When we left the tall towers and regulated POPS of the WTC area, we visited Washington Market Park, which, besides having one small, slightly hidden entrance and a short list of rules (its own form of security), is a rather large space designed and used for diverse activities. It has a large playground, public bathroom, pavilion, and community garden, and I felt more welcome here than at any other site the class visited. Our last stop of the day was Duane Park, also a POOS. No rules were posted regarding use or hours, and most of the (small) walkway was lined with good benches, making it a good, though simple, public space.
#whOWNSpace: Upper East Side
by Jessica Cronstein
My group met in front of the offices of the New York City Department of Parks and Recreation at 64th Street and Fifth Avenue, where we were given blank maps with inset plans of the two spaces we were to visit (both Trump buildings). Each member chose one element to diagram while at the sites: access, edge conditions, seating, lighting, activities, signage / graphics, design / branding, circulation or demographics.
Our first stop, the public space attached to Trump Palace, was designed to appear as part of the building, giving passers-by the impression that it is only for residents. The gates that demarcate the space — beige-painted metal, not likely to be part of the plaza’s original design, which is predominantly marble — seem to be permanently closed. The plaza looks, from the outside, like a maintenance entrance for the building. The space is shady, which, in November, means cold seating. While there, though, we saw it used by a group of construction workers eating their lunch and an elderly woman who stops in every day on her walk through the neighborhood.
The second space we visited, Trump Plaza, feels like an extension of the lobby of the building. It is directional and ends at the main entrance to the building. Some of the problems are the same as before: cold seating in a shady plaza, and a feeling (amplified by the watchful eye of the nearby doorman) that you need an invitation to use the space.
The problems built into these two spaces were problems of management and design: they were designed to be uninviting, to feel like private spaces for the residents of the towers above. The beauty of the small parks that exist only blocks away is that they are rarely crowded and are perfect lunch spots. But they will never have the identity of a full-fledged park. They are always associated with the building or the block. In the residential neighborhood of the Upper East Side, the character and expectations of the spaces were different than those of Midtown and the Financial District.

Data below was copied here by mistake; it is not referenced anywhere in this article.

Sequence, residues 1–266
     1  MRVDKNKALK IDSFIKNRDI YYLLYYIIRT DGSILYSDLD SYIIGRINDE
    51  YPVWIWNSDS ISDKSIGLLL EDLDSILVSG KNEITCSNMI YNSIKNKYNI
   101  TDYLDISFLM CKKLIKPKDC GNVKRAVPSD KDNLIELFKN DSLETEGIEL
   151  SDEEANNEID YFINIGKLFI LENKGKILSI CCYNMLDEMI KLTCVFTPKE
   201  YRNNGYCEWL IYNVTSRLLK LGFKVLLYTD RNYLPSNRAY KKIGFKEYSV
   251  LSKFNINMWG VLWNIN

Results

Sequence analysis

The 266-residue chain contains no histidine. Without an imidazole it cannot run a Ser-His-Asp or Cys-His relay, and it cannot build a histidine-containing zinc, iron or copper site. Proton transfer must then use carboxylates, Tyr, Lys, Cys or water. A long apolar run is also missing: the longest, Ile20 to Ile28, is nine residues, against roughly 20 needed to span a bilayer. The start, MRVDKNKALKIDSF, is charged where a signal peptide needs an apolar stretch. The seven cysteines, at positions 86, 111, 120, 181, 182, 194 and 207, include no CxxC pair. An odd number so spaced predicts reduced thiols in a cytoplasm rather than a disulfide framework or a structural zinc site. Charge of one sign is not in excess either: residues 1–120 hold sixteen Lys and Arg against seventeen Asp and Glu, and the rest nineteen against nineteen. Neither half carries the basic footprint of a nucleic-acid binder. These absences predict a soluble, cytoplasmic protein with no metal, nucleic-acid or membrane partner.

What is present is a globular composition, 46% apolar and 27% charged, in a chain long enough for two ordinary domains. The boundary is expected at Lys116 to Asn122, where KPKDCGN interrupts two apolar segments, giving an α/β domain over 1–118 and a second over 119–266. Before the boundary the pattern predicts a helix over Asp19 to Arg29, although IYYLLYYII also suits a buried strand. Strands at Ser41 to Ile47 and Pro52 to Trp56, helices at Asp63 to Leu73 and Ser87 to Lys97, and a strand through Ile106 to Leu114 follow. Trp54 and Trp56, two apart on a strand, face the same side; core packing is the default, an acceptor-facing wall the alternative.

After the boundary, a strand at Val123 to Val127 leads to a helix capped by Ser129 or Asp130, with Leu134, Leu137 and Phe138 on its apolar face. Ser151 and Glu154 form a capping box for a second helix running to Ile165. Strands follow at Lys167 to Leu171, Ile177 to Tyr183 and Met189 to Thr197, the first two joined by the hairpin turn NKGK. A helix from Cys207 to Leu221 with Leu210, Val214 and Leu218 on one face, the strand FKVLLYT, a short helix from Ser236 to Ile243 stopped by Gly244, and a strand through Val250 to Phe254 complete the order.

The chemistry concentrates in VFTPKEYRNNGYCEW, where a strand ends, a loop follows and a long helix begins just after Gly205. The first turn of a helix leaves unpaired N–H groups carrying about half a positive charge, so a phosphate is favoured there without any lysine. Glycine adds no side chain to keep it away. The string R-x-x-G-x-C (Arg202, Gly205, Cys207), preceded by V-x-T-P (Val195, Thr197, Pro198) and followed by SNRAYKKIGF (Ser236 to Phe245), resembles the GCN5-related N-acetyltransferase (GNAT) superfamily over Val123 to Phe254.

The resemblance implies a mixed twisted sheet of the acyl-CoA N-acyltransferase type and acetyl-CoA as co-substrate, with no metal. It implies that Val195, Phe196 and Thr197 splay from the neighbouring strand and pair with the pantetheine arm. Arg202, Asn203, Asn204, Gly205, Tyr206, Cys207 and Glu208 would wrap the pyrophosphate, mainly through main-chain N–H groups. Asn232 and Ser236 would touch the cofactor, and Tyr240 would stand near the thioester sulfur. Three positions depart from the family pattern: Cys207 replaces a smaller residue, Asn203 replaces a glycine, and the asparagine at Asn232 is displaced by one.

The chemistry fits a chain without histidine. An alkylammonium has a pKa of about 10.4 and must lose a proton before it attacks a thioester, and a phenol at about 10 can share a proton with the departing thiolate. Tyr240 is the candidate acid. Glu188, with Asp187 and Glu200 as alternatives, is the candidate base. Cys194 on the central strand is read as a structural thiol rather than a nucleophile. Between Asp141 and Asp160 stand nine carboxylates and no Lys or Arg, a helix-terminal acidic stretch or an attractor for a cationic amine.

by Max Podemski
Amidst businesspeople, tourists and a pair costumed as Shrek and Elmo at the northwest corner of Bryant Park, my group met Quilian Riano, an urban design professor at Parsons and co-founder of design collective DSGN AGNC, and Phillip Grimaldi, a designer and also a member of DSGN AGNC.
Before the class even began a security guard demanded that Quilian take down a poster taped to a sign for the Citi Pond Ice Skating Rink. This is “private property,” the guard told us, who then proceeded down to the corner to kick out Shrek.
The current incarnation of Bryant Park is the result of a Project for Public Spaces (PPS)-led renovation in 1981. However, rather then finding a vibrant, democratic, public space, our group found a park that more closely resembles a rotunda inside a mall. Every usable inch of the park has been programmed, ranging from ping pong tables to corporate marketing tents to a New York-themed tchotchke bazaar. The pure domination of the space by monetized interest leaves little room for its use as a democratic public commons.